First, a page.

The Watchman™ Device: The Alternative to Blood Thinners

By Steve S. Ryan, PhD, updated March 2015

Do you hate having to take Coumadin or other blood thinners? Hate the side effects? Or are you allergic to them? A replacement to taking blood thinners is the Watchman, an occlusion device.

The theory behind the WATCHMAN™ LAA closure technology is that most A-Fib clots originate in the Left Atrial Appendage (LAA). The Watchman closes off the LAA where 90-95% of A-Fib strokes come from. It’s a very low risk procedure that takes as little as 20 minutes to install. Afterward, you would usually not need to be on blood thinners.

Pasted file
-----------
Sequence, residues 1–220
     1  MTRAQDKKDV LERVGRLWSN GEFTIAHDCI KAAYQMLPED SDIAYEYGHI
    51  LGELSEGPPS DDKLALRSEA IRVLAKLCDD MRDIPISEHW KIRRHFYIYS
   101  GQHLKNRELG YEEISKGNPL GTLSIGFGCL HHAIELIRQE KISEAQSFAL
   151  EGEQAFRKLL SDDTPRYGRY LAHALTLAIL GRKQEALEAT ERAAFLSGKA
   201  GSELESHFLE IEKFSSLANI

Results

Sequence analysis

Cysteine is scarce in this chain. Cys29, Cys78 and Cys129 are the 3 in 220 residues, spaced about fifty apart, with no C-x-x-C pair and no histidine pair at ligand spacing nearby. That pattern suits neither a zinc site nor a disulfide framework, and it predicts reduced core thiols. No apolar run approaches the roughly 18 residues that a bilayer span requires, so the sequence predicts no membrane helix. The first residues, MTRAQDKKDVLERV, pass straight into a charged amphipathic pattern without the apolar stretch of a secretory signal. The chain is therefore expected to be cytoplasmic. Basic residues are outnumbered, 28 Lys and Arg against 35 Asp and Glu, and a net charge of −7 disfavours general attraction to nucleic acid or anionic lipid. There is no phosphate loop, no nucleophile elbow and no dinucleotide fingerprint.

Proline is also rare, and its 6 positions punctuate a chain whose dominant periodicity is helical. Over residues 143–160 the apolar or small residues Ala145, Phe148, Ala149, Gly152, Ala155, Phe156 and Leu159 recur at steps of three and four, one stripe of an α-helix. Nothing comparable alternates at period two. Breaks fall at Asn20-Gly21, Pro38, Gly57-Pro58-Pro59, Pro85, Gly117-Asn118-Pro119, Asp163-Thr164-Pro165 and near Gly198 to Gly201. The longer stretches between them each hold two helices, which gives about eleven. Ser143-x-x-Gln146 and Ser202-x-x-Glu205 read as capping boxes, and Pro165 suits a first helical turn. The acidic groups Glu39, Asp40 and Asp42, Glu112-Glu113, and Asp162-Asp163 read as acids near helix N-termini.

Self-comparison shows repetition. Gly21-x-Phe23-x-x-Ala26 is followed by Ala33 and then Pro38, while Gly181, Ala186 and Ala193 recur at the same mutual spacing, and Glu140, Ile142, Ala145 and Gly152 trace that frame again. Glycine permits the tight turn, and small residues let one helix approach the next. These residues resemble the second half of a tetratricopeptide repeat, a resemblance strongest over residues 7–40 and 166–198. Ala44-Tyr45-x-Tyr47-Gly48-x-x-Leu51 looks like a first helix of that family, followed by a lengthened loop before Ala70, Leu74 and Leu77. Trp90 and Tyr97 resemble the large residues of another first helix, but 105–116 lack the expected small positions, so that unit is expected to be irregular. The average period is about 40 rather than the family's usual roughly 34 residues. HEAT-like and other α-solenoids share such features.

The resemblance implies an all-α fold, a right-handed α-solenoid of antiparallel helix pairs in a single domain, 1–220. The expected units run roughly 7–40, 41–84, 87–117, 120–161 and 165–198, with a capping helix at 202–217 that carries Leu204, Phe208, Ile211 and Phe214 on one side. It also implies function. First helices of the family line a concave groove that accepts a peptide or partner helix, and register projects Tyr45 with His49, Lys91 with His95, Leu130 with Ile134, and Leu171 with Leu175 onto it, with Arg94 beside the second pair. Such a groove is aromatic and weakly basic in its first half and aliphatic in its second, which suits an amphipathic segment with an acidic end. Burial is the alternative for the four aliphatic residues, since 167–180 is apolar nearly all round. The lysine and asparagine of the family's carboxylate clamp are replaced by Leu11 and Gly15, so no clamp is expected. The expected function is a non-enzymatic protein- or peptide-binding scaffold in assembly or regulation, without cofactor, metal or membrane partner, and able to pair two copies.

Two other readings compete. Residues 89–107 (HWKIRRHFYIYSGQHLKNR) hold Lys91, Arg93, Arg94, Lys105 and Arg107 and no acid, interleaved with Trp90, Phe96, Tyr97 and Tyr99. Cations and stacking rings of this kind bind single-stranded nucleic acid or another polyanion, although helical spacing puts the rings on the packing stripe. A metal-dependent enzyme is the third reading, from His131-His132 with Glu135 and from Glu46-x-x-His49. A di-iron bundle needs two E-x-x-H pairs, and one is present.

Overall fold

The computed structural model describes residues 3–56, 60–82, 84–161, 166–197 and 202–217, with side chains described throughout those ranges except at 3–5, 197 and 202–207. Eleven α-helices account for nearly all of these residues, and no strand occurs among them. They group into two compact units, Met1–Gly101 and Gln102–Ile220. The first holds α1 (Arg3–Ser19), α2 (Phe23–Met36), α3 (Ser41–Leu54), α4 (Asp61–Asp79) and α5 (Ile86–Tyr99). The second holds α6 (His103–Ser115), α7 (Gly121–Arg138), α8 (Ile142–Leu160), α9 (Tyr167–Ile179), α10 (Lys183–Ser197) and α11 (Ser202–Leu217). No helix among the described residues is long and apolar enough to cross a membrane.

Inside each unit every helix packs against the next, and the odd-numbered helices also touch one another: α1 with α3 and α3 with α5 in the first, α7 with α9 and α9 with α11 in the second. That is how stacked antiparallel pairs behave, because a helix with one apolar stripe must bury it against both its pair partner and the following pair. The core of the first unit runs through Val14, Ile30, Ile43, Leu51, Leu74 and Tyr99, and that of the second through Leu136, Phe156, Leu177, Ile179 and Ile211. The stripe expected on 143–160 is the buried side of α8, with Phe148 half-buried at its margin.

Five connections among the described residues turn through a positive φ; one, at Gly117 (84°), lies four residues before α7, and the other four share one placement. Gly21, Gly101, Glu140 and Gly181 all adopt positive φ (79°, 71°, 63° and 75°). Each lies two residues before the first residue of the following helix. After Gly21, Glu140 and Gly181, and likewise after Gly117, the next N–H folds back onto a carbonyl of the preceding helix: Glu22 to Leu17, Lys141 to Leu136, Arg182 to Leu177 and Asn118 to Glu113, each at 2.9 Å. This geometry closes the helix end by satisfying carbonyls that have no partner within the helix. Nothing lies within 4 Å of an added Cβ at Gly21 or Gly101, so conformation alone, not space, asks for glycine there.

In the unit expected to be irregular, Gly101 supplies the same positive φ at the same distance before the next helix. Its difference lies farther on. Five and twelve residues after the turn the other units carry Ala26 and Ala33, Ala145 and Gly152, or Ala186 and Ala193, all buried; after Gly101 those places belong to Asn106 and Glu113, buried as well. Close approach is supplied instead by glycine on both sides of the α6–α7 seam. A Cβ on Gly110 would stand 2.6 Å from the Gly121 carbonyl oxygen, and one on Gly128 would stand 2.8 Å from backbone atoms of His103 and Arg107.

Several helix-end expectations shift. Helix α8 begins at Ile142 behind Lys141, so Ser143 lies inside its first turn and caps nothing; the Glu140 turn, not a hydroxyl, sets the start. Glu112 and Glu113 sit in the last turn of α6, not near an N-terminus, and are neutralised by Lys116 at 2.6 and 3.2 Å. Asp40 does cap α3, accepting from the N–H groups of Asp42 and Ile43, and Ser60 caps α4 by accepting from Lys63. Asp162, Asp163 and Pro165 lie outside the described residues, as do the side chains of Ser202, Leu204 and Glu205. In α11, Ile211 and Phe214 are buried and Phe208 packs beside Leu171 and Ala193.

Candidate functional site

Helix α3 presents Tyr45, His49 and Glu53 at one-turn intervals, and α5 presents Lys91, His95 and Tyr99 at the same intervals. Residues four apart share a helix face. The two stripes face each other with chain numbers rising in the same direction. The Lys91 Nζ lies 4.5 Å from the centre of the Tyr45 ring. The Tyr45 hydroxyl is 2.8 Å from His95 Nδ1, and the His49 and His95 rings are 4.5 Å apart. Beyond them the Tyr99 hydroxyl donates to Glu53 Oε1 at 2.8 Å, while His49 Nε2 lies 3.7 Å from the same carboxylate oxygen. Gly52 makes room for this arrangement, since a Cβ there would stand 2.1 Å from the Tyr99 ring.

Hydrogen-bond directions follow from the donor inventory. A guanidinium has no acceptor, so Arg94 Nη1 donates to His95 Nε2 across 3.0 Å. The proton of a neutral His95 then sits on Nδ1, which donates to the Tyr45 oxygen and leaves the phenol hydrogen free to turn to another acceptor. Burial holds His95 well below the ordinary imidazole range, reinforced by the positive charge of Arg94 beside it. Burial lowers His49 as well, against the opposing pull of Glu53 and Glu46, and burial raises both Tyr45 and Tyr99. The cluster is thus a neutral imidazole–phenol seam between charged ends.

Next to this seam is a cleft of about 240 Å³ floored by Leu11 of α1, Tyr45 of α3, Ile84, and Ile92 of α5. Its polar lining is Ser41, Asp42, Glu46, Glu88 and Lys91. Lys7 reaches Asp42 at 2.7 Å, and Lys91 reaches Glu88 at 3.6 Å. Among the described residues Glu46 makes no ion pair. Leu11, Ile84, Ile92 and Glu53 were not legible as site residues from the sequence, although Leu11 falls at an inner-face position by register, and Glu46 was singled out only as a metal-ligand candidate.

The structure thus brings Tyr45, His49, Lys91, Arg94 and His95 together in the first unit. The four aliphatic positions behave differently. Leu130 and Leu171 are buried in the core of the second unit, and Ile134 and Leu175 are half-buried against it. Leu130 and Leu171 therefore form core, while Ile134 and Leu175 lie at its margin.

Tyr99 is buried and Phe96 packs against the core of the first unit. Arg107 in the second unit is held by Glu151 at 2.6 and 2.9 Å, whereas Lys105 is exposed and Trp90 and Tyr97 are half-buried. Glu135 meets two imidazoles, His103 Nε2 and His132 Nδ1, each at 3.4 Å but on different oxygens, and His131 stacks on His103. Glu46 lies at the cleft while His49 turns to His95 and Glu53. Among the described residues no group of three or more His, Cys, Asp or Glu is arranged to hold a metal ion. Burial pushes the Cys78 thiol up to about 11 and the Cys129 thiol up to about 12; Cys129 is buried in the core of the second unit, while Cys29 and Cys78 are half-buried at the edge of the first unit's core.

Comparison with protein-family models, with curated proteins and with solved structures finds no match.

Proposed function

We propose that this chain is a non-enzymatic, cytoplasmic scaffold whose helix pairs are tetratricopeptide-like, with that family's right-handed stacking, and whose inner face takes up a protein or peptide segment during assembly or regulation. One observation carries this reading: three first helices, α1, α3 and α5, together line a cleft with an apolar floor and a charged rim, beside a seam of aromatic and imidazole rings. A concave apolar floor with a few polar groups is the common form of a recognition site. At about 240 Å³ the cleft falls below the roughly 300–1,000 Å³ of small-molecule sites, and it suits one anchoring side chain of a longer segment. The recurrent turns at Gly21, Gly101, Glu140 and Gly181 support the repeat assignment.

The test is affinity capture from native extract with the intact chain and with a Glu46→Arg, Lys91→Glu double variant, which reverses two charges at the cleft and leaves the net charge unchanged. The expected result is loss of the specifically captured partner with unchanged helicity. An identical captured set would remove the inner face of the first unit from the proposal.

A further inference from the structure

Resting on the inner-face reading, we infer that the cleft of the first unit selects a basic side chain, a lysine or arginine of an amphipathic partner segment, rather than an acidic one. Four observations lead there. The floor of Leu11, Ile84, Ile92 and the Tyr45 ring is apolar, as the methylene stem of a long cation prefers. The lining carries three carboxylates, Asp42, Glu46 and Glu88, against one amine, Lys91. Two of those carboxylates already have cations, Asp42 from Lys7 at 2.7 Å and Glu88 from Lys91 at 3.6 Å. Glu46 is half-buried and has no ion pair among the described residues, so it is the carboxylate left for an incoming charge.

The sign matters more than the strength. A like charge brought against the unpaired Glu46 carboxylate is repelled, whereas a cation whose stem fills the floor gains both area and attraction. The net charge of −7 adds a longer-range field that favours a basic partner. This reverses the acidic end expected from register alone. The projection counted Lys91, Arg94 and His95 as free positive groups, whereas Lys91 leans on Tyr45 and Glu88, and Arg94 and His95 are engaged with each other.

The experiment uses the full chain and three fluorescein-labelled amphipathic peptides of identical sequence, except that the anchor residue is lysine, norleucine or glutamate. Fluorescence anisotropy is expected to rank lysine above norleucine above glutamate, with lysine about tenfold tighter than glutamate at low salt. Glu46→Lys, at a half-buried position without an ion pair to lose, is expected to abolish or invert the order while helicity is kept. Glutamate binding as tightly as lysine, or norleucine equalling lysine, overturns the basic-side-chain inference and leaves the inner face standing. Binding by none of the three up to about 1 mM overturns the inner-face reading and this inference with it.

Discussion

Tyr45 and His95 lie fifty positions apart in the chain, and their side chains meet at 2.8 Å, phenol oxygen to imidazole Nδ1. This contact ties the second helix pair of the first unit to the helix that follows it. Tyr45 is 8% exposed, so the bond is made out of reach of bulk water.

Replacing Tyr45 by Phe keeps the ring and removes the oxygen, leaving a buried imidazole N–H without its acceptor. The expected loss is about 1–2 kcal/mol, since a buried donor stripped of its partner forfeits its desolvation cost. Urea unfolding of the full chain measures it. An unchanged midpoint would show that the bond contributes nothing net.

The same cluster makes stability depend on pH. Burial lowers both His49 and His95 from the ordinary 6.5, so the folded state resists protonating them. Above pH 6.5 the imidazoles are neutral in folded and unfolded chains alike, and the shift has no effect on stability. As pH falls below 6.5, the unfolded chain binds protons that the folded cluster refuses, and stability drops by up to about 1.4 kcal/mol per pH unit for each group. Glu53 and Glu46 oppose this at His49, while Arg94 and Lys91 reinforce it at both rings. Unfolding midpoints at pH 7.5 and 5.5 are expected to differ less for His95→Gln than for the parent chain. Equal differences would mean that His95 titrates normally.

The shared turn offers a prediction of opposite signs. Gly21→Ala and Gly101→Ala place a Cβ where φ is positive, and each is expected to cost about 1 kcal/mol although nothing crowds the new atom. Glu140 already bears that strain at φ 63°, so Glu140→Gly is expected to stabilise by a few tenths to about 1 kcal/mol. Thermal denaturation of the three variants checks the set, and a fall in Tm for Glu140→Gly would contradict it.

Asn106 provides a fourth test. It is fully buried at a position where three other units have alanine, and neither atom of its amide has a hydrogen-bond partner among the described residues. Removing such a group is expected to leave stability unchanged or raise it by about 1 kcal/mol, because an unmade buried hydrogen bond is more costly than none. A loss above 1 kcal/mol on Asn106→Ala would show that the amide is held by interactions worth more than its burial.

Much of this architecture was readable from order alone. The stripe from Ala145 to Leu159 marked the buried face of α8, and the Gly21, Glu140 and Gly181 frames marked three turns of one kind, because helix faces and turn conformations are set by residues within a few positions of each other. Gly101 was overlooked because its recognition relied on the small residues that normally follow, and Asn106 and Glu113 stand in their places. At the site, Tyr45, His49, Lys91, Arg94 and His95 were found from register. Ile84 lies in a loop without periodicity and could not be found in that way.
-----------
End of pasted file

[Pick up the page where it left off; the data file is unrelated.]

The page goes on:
Boston Scientific's WATCHMAN™ LAA closure technology

Boston Scientific’s WATCHMAN™ LAA closure technology

How It Works

The Watchman device comes in multiple sizes from 21mm to 33mm to accommodate the different sizes of LAAs. Once a patient’s Left Atrial Appendage is measured, a wide-sheathed catheter with a spline is used to insert the Watchman device which has a self-expanding Nitinol (a special metal) open-ended circular frame.

The atrial surface of this frame is covered with a thin, permeable 160 μm (micron) pore filter made of polyester material (Polyethylene Terephthalate known as Dacron or PET). This filter allows blood to pass through while stopping clots. Little hooks or anchors called fixation barbs at the middle of the device make sure it is attached firmly to the LAA wall.